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Sputtering Economy Erodes Massachusetts Business Confidence


A sputtering global economy eroded the confidence of Massachusetts employers during August, leaving prospects for job growth uncertain in the Bay State through the end of the year.

Business ConfidenceThe Associated Industries of Massachusetts Business Confidence Index fell 1.3 point to 49.2, moving into negative territory on its 100-point scale for the first time since September 2010. Manufacturing led the downturn in the face of persistent uncertainty in the western European economies that are key buyers of goods and services made in Massachusetts.

And three days after the government reported no net job growth nationally during August, the AIM Index hinted that Massachusetts employers are growing cautious about hiring. More than one in three (35 percent) respondents reported adding jobs during the past six months, but only one in four (25 percent) reported plans to hire in the next two quarters.

“Disappointing economic growth continues to take a toll on business confidence, with turmoil in financial markets during the survey period an exacerbating factor,” said Raymond G. Torto, Global Chief Economist at CB Richard Ellis Group, Inc. and Chair of AIM's Board of Economic Advisors (BEA).

“Massachusetts employers are increasingly concerned about where the economy is headed, and some fear that it will slip back into recession.”

BEA member Michael Goodman, Associate Professor of Public Policy at the University of Massachusetts Dartmouth, said the August Index shows unmistakable signs of weakness in the job market.

"Significantly, the share of respondents reporting layoffs in the past six months (14 percent) was nearly identical to the proportion reporting plans to cut jobs over the next six months (15 percent), indicating an expectation of slower job growth rather than more layoffs," Goodman added.

The 49.2 confidence reading was slightly higher than the 47.7 figure posted a year earlier, but well shy of the  56.1 number posted in April.

 Among the biggest losers in the Index was the Future Index of prospects for six months ahead, which dropped 2.5 points to 48.4. Another significant loser was the Massachusetts Index of conditions within the commonwealth, off 2.4 points to 44.1. The U.S. Index of national conditions saw a smaller decline, down six-tenths to 37.2.

Richard C. Lord, President and CEO of AIM and a BEA member, said sliding confidence reflects weak economic growth throughout the economy.

“Under these circumstances, government has no ‘magic bullet’ at its disposal; what it can do is demonstrate positive engagement with economic issues, and act to promote stability, predictability, and a concern with job creation, which is our most important challenge,” Lord said.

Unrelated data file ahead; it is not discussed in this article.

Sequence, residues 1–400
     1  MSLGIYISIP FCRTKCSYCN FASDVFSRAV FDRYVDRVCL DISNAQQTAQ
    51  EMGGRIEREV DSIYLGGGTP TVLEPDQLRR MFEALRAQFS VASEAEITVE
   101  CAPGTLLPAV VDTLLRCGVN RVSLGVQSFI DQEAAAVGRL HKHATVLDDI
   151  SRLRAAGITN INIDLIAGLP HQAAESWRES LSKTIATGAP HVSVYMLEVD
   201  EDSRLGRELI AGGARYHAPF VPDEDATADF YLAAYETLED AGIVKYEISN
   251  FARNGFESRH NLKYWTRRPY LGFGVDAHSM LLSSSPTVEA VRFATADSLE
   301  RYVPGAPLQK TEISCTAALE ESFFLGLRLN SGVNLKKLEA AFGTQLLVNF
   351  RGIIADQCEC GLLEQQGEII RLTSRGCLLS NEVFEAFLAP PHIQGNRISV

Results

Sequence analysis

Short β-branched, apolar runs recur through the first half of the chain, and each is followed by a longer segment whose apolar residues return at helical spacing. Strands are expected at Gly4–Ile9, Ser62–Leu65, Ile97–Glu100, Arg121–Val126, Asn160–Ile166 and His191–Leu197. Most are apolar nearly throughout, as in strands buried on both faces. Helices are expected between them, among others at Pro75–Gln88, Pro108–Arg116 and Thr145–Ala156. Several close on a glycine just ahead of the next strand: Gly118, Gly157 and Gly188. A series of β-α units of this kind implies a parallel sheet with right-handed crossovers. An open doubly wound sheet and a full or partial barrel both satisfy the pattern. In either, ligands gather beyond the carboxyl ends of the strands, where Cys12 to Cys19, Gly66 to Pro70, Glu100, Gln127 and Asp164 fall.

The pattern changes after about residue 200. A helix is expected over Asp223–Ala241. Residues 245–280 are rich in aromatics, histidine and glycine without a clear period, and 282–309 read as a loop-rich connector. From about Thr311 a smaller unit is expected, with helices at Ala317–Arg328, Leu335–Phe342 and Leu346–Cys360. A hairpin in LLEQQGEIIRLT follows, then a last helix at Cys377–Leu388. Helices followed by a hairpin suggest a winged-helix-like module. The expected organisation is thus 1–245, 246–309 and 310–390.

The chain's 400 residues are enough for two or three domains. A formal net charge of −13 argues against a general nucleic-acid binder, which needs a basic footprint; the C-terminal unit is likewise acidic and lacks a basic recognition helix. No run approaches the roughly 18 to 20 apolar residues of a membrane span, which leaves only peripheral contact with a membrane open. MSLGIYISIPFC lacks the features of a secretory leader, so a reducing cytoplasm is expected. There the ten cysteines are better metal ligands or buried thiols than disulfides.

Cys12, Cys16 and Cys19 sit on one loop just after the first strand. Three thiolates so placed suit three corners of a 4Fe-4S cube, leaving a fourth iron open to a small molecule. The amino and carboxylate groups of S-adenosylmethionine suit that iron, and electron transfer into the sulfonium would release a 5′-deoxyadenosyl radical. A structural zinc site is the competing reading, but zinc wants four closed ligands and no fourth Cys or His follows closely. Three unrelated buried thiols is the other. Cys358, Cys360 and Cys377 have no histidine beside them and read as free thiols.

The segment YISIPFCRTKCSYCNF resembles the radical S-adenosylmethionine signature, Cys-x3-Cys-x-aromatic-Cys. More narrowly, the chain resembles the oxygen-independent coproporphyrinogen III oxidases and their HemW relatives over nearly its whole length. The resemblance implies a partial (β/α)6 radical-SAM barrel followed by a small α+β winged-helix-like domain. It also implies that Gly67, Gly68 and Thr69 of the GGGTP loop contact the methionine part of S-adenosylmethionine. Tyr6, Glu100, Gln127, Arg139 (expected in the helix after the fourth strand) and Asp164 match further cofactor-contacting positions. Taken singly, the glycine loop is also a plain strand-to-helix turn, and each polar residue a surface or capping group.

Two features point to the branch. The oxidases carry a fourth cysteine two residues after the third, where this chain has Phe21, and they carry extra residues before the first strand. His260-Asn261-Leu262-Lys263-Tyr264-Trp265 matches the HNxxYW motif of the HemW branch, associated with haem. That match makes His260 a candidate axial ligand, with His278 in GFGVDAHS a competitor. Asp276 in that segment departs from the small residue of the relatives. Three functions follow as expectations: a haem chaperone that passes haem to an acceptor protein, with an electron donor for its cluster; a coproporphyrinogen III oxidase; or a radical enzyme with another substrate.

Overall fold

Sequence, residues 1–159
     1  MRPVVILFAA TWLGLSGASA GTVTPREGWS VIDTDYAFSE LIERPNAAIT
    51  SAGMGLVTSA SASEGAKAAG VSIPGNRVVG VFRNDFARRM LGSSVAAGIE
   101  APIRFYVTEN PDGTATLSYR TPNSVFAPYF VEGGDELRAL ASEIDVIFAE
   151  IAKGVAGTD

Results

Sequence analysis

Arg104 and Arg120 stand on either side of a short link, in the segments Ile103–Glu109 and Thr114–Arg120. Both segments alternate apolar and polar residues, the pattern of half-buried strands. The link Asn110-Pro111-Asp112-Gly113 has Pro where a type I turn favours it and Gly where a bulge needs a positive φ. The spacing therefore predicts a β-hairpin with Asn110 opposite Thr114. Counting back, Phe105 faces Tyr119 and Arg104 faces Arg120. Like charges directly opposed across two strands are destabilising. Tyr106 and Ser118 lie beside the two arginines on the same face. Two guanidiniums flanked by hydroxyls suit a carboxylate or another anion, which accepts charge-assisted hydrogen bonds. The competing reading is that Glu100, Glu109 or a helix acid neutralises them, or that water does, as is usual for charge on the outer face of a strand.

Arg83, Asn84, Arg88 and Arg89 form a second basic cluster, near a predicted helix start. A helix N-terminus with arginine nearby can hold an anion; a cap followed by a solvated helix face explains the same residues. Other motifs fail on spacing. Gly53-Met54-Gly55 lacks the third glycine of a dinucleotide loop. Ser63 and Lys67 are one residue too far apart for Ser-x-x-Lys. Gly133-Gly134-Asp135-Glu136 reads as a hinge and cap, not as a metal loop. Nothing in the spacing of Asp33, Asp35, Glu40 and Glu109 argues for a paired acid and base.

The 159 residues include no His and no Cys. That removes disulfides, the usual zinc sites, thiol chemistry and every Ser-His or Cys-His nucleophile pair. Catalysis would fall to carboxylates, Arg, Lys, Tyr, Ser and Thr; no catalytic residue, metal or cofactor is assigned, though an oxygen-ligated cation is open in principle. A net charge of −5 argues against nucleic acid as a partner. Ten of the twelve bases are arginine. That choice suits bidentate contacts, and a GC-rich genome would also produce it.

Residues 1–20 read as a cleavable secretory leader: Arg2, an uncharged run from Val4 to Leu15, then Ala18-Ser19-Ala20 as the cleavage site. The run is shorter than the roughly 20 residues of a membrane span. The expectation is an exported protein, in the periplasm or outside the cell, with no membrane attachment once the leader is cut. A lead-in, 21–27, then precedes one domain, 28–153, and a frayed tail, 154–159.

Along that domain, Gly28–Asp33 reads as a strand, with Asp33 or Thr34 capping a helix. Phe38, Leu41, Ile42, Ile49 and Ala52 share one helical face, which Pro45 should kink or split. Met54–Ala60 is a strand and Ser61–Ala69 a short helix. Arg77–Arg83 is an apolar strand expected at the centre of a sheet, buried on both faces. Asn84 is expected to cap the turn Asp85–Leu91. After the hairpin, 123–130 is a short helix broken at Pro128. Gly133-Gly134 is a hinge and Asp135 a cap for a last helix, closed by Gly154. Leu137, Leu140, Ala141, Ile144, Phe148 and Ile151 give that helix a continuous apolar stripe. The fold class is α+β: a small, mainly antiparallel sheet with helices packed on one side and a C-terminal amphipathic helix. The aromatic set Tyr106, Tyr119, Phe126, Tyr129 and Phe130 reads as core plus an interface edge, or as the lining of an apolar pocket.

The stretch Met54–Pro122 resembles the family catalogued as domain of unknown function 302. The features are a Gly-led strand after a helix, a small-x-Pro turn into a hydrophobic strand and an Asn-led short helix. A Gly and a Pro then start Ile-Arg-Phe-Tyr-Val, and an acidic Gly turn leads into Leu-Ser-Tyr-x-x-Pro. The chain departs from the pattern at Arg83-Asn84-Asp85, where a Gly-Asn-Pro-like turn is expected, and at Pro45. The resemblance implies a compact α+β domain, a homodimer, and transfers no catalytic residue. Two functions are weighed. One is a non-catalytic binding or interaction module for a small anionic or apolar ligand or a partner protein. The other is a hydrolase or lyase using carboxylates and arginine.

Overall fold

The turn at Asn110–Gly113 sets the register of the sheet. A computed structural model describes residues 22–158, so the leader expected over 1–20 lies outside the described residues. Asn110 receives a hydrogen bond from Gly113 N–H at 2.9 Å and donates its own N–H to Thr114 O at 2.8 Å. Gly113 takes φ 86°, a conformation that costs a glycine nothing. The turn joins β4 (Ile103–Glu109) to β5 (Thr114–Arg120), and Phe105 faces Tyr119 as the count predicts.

Amazingly, it looks like demand and NOT excessive regulations or onerous taxes are the problem causing confidence concerns among businesses. No kidding.
Posted @ Tuesday, September 06, 2011 9:57 AM by Kevin
Think how they must be feeling in the rust belt... 
It is amazing, really, how the marketplace is spurred, or not, by consumer confidence rather than particular policies, products or tax structures. Right now, Americans are starting to ask themselves what they bring to the global marketplace that is exciting, compelling and competitive. And many workers do not feel comfortable with what they see. 
Our only hope is innovation. And at least Massachusetts has a smart, motivated labor pool from which to draw.
Posted @ Tuesday, September 06, 2011 11:01 AM by Jim
Governments don't create jobs, business' do. Restrictive regulations and higher taxes don't create jobs either. Government needs to step a way and let business do business. What is sad is that it won't happen. "Do what I say not what I do" is the current attitude on either side of the isle. Small business owner in MA.
Posted @ Tuesday, September 06, 2011 11:28 AM by Michelle
It's amazing that some can conclude from the above information that onerous regulations and high taxes are not part and parcel of the lethargic performance of our economy. Companies are psychologically unprepared and unwilling to take risks under the present business climate and are continually awaiting the next government lead shoe to drop on their heads. Under such conditions no new hires becomes the guiding mantra.
Posted @ Tuesday, September 06, 2011 5:03 PM by Ralph Wilbur
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